So let’s take a look at how food can play a role in dark tourism:
To begin with it can simply be a case of the location where the food is consumed being a dark travel destination. That could be said for this nice spread of kimchis and other delicacies I had at a traditional restaurant in Kaesong in North Korea:
It got quite a bit darker, though, when at the same restaurant ‘dog soup’ was offered. That’s right, soup made with real dog meat:
Apparently eating dogs is an old classic in parts of China and Korea, including the north (the DPRK – Democratic People’s Republic of Korea). I declined the offer in Kaesong, being generally a non-meat eater. But in this case it was also on ethical grounds. We were told by our British guide that dog meat is really tough unless you get a lot of adrenalin shooting through it at slaughter. That’s why they slowly batter the dog to death. It’s the opposite of what is usually done with cows, who are made unaware of what’s about to happen as far as possible and then quickly killed. The photo of the dog soup I took at a neighbouring table – as some in our group couldn’t resist the temptation to try this. Apparently it was quite spicy (and that alone I wouldn’t have minded at all).
Eating dogs is perhaps an extreme example, but there are also other animals that many people wouldn’t consider eating, while in other parts of the world it’s quite normal. Here’s a classic example – look carefully at the sign above these market stalls:
Even if you can’t decipher the Kazakh and Russian inscription, the little symbol next to it gives it away that this is the horse meat section in this market hall in Almaty, Kazakhstan. While horse meat is fairly common in some European countries too, e.g. Poland or France (I’ve also spotted horse meat stalls here in Austria), others balk at the very notion, especially Brits. Remember when in 2013 horse DNA was detected in some frozen “beefburgers” from supermarkets in Britain, so horse meat must have been illegally mixed in with the beef. The outcry was immense. Here in Austria some Kazakhs we encountered said they couldn’t see what all the fuss was about. Why weren’t those Brits happy that they got such a delicacy? Different cultures …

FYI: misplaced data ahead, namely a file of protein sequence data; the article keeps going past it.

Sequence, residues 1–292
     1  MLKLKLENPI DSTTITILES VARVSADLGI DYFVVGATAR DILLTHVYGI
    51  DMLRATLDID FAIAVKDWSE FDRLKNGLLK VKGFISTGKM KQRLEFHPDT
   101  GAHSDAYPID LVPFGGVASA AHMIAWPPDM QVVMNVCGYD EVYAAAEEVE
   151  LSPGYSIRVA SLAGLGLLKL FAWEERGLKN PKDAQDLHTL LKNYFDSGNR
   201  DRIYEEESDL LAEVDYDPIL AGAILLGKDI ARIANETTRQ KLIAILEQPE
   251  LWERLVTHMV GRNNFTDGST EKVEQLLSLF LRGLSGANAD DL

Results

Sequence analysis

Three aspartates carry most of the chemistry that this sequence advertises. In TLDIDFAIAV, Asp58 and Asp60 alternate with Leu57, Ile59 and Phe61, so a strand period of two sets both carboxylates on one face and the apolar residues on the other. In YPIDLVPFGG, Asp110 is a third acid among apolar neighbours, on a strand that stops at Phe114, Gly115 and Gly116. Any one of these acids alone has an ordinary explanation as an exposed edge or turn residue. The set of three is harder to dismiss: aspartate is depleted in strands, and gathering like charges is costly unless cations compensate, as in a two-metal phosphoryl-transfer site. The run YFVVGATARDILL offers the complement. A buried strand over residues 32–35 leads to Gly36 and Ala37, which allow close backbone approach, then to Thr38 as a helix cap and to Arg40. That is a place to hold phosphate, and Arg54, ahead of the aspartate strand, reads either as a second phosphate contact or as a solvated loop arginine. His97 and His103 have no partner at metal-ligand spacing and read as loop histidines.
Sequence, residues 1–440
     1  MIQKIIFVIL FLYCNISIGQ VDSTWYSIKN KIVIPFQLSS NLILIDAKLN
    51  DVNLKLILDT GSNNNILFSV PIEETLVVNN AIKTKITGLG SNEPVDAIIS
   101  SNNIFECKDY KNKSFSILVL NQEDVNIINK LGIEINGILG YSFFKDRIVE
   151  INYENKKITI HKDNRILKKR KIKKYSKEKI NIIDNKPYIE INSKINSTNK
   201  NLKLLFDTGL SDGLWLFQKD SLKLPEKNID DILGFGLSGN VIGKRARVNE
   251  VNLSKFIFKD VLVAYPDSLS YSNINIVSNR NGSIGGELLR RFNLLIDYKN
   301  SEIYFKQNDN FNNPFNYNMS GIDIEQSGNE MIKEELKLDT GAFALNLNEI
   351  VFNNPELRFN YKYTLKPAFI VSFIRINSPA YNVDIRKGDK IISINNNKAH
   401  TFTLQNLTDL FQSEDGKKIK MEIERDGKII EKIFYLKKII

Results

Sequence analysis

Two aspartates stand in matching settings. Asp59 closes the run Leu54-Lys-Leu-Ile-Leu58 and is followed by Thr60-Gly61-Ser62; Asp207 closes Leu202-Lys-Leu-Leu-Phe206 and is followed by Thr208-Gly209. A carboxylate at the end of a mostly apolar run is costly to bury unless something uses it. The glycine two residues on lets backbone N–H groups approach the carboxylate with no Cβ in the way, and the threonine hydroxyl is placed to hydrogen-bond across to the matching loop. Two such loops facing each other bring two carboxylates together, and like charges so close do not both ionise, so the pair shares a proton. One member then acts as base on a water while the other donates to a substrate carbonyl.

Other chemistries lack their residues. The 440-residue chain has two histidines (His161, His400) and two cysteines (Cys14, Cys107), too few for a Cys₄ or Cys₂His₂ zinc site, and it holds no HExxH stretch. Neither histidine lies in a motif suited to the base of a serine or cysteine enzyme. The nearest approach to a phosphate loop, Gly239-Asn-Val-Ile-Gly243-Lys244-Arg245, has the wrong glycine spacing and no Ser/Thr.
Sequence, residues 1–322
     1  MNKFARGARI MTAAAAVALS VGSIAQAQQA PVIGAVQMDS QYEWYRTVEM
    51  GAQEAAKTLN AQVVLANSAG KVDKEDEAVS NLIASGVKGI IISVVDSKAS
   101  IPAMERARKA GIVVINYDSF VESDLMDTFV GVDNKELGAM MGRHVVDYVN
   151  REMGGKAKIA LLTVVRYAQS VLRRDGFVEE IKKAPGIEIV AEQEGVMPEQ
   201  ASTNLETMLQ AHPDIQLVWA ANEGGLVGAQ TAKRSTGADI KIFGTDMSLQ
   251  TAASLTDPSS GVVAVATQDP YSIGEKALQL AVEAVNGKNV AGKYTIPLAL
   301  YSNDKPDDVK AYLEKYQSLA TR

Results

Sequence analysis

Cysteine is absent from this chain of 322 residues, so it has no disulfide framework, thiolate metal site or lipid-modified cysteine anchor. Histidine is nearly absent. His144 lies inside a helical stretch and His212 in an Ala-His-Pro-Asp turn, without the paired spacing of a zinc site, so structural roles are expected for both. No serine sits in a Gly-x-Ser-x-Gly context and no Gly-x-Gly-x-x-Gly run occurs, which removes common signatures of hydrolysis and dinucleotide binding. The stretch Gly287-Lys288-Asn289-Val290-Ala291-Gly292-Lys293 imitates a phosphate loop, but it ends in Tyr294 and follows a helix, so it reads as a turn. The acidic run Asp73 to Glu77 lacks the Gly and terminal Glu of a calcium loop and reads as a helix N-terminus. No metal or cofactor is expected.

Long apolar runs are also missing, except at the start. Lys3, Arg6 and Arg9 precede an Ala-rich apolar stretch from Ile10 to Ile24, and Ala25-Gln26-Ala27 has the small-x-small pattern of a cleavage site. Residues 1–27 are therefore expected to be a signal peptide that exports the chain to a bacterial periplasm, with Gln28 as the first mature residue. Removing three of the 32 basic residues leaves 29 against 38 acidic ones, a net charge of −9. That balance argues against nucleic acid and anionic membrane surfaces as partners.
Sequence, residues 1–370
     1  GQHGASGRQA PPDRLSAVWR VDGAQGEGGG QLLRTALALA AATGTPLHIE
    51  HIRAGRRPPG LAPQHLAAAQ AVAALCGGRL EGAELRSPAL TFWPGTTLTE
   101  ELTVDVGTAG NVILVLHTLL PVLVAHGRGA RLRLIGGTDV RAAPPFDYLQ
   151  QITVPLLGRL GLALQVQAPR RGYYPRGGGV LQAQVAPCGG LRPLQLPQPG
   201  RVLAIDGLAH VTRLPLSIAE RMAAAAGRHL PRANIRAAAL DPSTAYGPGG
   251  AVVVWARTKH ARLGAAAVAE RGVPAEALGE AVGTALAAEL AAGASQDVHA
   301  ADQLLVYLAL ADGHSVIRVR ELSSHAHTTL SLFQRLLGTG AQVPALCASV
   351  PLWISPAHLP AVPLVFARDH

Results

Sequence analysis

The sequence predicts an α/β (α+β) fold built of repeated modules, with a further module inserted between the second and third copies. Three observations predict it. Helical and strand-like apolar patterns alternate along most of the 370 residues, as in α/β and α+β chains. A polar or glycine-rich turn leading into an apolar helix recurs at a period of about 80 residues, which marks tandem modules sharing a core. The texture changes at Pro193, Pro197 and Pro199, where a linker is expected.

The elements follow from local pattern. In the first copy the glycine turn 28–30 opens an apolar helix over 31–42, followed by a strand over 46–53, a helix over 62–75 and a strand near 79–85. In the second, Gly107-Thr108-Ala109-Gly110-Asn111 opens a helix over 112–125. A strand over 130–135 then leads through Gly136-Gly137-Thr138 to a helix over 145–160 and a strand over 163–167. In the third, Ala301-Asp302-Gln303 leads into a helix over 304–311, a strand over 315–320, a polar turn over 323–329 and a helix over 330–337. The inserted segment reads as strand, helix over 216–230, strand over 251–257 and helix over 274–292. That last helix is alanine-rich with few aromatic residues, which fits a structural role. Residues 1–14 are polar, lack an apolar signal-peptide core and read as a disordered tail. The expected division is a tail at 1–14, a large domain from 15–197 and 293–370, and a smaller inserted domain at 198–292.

What I personally found more disturbing at this same market was an adjacent section where they sold sheep heads:
Apparently, the eyes are traditionally regarded as the best bits – and hence are often offered to the guest of honour (what a foreign visitor would typically be) at a traditional Kazakh feast. Fortunately I was spared that experience (refusing the offer would have been very bad manners) when I travelled to the country back in 2011.
Cultural differences also apply to the consumption of insects and reptiles. It is well known that fried grasshoppers, beetles, scorpions and even tarantulas are widely eaten in South-East Asia, but it makes many Westerners shudder encountering a basket of snacks on offer in a market like this (in Phnom Penh, Cambodia):
I can’t say what is worse, the bugs or the snake skins. But it is of course irrational to be repulsed by eating insects. It has been argued that turning to insects as a replacement for beef, pork and lamb could make a tremendous contribution to curbing climate change. Indeed, cattle farming in particular is now the single biggest contributor to global warming. Insects, on the other hand, are cheap and sustainable to farm. Food for thought!
However, the insect-eating can get a lot darker in some cases, like this for example:
This is a type of grub (“suri”) that some of the native tribes in the Orinoco Delta and the Amazon Basin regard as a delicacy, especially eaten raw and alive. You bite the wriggling body off behind the (inedible) head, which you discard, and then devour the rest. Apparently the skin is quite tough, but the texture of the inside has been likened to peanut butter. As a dare, such suri grubs are sometimes also offered to tourists on jungle excursions. This particular one was presented to me by my guide on a tour by boat to a small village of natives of the Warao tribe in the remote (and road-less) Orinoco Delta, Venezuela. The grub was really just for show, not for actually eating. And I don’t think I could have done it.